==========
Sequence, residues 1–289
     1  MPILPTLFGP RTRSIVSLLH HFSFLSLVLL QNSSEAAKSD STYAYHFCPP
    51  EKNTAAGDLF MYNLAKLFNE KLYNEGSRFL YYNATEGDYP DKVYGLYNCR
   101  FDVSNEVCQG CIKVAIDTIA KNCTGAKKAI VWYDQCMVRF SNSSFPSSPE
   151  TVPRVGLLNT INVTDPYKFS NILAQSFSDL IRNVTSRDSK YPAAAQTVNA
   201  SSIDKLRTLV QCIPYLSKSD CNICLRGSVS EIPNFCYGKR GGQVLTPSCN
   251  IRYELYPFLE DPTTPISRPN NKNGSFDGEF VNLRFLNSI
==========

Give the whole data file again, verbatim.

Sequence, residues 1–289
     1  MPILPTLFGP RTRSIVSLLH HFSFLSLVLL QNSSEAAKSD STYAYHFCPP
    51  EKNTAAGDLF MYNLAKLFNE KLYNEGSRFL YYNATEGDYP DKVYGLYNCR
   101  FDVSNEVCQG CIKVAIDTIA KNCTGAKKAI VWYDQCMVRF SNSSFPSSPE
   151  TVPRVGLLNT INVTDPYKFS NILAQSFSDL IRNVTSRDSK YPAAAQTVNA
   201  SSIDKLRTLV QCIPYLSKSD CNICLRGSVS EIPNFCYGKR GGQVLTPSCN
   251  IRYELYPFLE DPTTPISRPN NKNGSFDGEF VNLRFLNSI